I was on the Women in the Pet Industry Network Thursday Growth Call with Shawna Schuh the other day and the call was about ROI (return on investment) at the WIPN or, actually any conference one attends.
In a nutshell, Shawna recommended to those on the call, these items (I have added some of my own as they came to me while I was writing) so they can see a return on their conference investment:
- Check out the agenda
- See who is speaking
- Check out their website
- Determine if there is a person or two, or more that you simply have to meet
- Connect with the speakers on social media prior to the conference
- When you meet with a speaker or another conference attendee, steer the conversation to “what can I do for you?” rather than, “what can you do for me?”
- Before you attend this, or any, conference know what it is you want to get out of it; whether it’s to add people to your newsletter list, find affiliate partners, find someone to buy your goods or services or find someone to help you with a specific aspect of your business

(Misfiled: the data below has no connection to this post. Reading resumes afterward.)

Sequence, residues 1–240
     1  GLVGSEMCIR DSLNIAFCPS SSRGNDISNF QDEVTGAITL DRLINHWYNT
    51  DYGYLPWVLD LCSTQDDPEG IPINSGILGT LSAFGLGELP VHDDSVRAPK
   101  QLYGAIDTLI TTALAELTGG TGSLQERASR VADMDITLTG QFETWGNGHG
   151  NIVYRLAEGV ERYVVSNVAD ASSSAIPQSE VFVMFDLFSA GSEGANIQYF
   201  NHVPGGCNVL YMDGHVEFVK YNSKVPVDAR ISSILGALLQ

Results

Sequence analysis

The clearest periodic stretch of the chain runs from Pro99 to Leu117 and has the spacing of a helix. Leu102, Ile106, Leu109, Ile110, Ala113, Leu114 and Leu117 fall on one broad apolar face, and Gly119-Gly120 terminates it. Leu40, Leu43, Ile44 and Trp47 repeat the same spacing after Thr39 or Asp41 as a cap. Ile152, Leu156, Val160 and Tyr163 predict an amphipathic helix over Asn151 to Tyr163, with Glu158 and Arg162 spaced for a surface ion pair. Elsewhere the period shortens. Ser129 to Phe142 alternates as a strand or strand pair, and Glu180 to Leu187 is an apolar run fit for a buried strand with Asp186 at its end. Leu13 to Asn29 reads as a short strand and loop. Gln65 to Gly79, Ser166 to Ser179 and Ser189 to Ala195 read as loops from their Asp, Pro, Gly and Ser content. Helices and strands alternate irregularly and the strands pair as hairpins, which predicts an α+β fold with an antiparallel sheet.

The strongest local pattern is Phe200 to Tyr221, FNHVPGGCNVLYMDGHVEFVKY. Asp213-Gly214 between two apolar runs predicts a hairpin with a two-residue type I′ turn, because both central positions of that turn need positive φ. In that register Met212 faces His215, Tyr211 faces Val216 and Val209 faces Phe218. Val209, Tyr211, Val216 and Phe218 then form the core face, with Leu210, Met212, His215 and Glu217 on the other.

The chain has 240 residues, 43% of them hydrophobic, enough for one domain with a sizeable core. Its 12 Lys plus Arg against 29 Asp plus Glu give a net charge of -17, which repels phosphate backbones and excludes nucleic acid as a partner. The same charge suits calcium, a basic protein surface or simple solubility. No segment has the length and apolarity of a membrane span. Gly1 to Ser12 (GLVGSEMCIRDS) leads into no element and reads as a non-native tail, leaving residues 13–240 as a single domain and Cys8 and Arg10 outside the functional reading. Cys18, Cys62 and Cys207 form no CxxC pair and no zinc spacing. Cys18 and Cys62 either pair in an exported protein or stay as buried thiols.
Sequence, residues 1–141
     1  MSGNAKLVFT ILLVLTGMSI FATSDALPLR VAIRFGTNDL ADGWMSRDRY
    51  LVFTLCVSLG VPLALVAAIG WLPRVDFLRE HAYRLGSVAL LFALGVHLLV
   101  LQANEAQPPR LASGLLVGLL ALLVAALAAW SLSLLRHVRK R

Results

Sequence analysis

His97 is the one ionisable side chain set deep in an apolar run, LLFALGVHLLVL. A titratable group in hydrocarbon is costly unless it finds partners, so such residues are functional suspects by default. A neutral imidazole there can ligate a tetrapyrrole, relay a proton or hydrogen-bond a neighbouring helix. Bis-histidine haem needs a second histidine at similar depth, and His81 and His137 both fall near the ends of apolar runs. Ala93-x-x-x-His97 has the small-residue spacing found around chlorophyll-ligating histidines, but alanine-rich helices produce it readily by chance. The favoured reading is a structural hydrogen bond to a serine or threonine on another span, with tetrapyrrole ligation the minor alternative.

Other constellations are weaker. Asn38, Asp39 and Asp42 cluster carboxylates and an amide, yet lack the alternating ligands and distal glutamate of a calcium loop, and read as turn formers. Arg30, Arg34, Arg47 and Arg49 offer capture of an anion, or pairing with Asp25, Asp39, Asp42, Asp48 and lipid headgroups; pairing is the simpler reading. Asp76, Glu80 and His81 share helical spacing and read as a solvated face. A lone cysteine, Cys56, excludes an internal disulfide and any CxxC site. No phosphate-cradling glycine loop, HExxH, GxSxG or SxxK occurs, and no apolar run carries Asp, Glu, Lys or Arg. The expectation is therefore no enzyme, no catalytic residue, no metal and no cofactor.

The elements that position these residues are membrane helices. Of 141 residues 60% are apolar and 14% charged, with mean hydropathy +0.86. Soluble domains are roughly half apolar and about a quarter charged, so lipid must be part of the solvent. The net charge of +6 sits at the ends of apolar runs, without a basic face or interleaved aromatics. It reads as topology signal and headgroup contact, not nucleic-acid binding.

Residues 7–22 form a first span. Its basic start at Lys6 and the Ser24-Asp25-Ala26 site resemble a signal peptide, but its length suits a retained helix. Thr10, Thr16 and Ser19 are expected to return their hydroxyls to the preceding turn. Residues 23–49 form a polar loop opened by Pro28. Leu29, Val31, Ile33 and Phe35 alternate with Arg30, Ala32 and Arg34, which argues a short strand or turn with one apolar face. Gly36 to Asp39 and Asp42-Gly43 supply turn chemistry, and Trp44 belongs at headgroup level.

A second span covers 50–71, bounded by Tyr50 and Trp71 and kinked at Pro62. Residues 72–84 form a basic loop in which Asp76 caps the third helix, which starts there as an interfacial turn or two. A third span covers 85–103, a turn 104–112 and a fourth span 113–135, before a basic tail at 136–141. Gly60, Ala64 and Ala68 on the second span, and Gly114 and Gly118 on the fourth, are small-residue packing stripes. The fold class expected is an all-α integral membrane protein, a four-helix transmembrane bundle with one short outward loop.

- Print out the agenda
- Make notes of who you want to meet, when their session is and what conference events you will be attending
- Bring your business cards, but don’t walk around handing them out like they are candy. Hand out cards, and accept cards, with a strategy in mind. Simply seeing who wins the “I got the most cards contest” isn’t helping to grow your business
- Make your investment in the conference pay off. Attending any networking event or conference or joining a professional association is only as good as the effort you put into it. If you come to the conference and spend your time in the hotel bar or in your room, you will not receive any ROI. If you do that, then you certainly can’t say (with any truth in your voice) “I didn’t get anything out of that conference, I will not be going back there again!” Mix. Mingle. Shake hands. Talk to people you don’t know — who knows when you will be in the same room with this many business professionals again?!
What can you do to make certain the time you spend in a conference — and the money you’ve spent to get there — will help grow your business?